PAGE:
In the past five years, Apple has launched the iPad, lost the leadership of Steve Jobs, become one of the most profitable companies in the world and taken the lead in the smartphone and tablet markets as users have shifted away from traditional computers. What can we expect from the company over the next five years as it tries to stay on top?
Two Tier iPhone and iPad Sales
With smartphones reaching the saturation point in many countries and prices plummeting for competitors, expect Apple to continue the trend they began with the iPhone 5C, offering last generation hardware at a lower price point. The iPad should follow suit as the market becomes saturated in the next two to three years, letting Apple compete with ever-improving low-end tablets. Emphasis will gradually shift towards these low end devices with high end devices serving the very top of the market, akin to the Macintosh Pro models.
Buying New Technology
With almost $160 billion in cash on hand, it’s going to make more sense to buy smaller technology companies to fill in development gaps rather than working on them in-house, much as Microsoft did during the dotcom boom of the late 1990s. This begins with the recent purchase of Beats Audio.
Ping may have failed, but that doesn’t mean Apple can stay out of the streaming music business: digital music sales fell for the first time last year largely due to the shift towards services like Pandora, Spotify and Rhapsody, and iTunes will need to become part of that market to stay relevant. Expect Beats Audio’s Beats Music service to serve as the base for an Apple-branded service.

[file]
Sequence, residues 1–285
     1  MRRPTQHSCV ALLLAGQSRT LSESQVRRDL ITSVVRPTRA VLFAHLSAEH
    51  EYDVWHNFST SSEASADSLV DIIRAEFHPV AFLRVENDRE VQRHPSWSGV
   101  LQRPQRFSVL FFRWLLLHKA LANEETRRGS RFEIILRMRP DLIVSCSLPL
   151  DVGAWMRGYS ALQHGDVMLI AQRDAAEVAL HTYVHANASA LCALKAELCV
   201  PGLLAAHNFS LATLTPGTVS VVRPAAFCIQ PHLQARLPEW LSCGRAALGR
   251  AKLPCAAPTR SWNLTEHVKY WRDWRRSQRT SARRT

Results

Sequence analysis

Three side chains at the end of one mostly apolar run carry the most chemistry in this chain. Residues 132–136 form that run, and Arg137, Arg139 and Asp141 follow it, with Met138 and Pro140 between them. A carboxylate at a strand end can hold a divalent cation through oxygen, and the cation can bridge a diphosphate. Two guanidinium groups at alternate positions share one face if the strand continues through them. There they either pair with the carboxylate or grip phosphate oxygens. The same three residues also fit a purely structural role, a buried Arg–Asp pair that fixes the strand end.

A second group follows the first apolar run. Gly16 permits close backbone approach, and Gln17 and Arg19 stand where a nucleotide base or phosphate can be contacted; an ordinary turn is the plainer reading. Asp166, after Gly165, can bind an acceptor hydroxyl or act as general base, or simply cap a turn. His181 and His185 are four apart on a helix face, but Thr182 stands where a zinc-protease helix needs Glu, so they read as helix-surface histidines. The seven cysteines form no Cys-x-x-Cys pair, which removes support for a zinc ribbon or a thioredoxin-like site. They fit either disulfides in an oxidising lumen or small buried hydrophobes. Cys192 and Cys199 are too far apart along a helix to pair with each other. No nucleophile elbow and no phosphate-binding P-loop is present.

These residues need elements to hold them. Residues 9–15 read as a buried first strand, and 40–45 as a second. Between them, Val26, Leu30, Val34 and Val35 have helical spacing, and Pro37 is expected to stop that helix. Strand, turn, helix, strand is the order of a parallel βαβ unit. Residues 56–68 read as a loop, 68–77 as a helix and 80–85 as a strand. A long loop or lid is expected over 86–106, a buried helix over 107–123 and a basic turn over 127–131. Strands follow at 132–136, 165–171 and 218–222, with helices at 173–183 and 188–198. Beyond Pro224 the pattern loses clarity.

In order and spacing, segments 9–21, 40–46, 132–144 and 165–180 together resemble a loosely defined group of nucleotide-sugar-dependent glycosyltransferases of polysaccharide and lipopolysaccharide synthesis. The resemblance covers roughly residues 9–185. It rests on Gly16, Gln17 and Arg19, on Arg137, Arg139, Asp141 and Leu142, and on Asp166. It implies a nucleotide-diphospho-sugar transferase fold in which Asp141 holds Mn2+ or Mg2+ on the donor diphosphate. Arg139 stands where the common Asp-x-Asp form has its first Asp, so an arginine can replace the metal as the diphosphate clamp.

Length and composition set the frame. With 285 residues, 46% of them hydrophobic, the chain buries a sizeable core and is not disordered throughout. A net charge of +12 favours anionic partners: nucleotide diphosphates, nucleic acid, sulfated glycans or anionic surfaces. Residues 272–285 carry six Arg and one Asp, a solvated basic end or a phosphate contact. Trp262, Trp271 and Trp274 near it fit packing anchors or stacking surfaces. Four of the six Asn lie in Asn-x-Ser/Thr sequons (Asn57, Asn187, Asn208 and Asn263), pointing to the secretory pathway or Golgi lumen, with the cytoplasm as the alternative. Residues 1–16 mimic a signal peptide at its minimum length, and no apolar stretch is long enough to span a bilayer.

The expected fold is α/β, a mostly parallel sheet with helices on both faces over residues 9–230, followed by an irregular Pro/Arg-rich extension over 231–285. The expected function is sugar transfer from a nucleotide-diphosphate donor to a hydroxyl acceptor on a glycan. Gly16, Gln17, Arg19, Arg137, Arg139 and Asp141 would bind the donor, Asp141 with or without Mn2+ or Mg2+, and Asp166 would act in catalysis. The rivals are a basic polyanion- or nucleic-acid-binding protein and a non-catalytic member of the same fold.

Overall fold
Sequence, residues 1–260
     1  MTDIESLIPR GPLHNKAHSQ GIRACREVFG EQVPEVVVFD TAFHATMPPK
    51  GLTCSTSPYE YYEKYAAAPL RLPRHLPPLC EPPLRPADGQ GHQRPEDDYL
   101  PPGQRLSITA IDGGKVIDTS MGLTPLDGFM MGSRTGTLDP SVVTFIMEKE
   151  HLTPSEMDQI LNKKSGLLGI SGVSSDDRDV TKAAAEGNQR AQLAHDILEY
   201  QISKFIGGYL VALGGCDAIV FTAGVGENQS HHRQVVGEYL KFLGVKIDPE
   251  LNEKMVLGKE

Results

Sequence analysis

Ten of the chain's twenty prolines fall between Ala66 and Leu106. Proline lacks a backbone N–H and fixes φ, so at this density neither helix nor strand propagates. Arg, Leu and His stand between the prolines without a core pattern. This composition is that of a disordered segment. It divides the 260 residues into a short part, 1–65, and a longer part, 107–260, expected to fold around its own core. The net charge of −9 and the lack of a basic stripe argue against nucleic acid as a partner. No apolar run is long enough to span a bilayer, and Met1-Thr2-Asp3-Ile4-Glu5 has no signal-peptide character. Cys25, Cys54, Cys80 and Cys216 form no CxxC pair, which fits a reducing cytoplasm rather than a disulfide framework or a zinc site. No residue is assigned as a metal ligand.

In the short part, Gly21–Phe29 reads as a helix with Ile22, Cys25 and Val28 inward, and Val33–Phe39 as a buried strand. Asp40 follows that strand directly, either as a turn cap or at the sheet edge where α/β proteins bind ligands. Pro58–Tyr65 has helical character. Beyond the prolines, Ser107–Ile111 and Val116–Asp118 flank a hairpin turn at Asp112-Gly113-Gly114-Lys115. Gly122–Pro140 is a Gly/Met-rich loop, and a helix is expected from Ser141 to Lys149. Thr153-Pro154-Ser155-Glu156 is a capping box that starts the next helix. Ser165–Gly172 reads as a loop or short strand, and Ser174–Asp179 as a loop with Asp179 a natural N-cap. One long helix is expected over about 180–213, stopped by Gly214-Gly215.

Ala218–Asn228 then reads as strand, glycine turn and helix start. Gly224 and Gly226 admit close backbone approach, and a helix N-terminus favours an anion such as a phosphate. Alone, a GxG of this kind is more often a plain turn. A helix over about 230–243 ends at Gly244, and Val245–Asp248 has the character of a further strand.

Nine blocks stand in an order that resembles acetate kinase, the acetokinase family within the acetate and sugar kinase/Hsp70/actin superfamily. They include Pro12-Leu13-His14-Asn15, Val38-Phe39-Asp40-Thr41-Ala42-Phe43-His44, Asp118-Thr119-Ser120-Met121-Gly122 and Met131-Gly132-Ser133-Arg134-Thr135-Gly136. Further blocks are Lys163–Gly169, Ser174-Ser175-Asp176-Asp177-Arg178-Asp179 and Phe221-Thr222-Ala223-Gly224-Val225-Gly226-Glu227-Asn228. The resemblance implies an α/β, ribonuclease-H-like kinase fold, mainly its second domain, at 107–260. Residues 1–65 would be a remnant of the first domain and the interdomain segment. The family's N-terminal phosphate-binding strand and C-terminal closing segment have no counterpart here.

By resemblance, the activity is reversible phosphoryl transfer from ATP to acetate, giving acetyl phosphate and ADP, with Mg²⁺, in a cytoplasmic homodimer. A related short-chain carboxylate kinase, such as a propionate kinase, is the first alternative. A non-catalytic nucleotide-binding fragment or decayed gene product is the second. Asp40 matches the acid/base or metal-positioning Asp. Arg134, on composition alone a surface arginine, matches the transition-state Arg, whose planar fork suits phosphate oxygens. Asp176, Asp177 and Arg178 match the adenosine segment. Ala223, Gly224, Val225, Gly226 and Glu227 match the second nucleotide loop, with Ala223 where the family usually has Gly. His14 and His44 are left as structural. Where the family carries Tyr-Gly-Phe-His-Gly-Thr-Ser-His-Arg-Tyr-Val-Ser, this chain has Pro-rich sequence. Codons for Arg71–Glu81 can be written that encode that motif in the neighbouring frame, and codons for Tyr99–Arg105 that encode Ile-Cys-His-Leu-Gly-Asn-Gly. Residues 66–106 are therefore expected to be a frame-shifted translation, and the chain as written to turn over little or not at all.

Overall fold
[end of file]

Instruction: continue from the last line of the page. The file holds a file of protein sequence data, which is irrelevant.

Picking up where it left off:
Apple TV Challenges Home Consoles
Apple TV will continue to shift away from media streaming to a wider experience much like current game consoles. Improvements to development tools and the interface will open up the device to better apps optimized for the big screen including games and social media. Thanks to its low price point and access to iTunes, it could be a serious threat to the Xbox One and PS4.
Three Platforms, Three Interfaces, And One Experience
Apple will split its operating systems into three core groups: handheld devices, Apple TV and computers.
OS X and iOS will still share some components, but they will still be separate as Apple thinks that trying to merge the two will mean too many compromises will need to be made to maintain the focus on high power computing and easy use with traditional peripherals. Likewise, Apple TV’s version of iOS will separate itself from the software used on the iPad and iPhone to concentrate on media services and a remote-friendly interface.
For end-users, this means they can move seamlessly between devices, even if the background software is completely different. Services like iCloud will still work with any device, and the interfaces will begin to look the same.
The Next Big (Usable) Thing
Apple may be innovative, but their success rests on reinventing existing niche products in such a way that they become usable to the population at large. The graphical user interface, portable music player, smartphone and tablet were all around before Apple started making them, but they were defined by the Macintosh, the iPod, the iPhone and the iPad.
Apple may no longer be the underdog, but there is still plenty of space for the company to expand. Over the next few years, their reach will expand to include every part of the computing market from the smallest phone to the biggest TV, filling in the gaps with in-house development and outside purchases.